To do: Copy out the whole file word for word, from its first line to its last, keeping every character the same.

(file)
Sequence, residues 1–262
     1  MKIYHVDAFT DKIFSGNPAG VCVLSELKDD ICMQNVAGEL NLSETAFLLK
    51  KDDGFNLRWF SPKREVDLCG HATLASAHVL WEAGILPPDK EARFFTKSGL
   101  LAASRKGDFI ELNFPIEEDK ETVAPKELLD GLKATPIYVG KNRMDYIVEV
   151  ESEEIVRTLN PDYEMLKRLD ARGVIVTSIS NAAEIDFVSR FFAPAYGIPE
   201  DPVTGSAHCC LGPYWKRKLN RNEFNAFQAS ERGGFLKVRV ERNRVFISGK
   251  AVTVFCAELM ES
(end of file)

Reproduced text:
Sequence, residues 1–262
     1  MKIYHVDAFT DKIFSGNPAG VCVLSELKDD ICMQNVAGEL NLSETAFLLK
    51  KDDGFNLRWF SPKREVDLCG HATLASAHVL WEAGILPPDK EARFFTKSGL
   101  LAASRKGDFI ELNFPIEEDK ETVAPKELLD GLKATPIYVG KNRMDYIVEV
   151  ESEEIVRTLN PDYEMLKRLD ARGVIVTSIS NAAEIDFVSR FFAPAYGIPE
   201  DPVTGSAHCC LGPYWKRKLN RNEFNAFQAS ERGGFLKVRV ERNRVFISGK
   251  AVTVFCAELM ES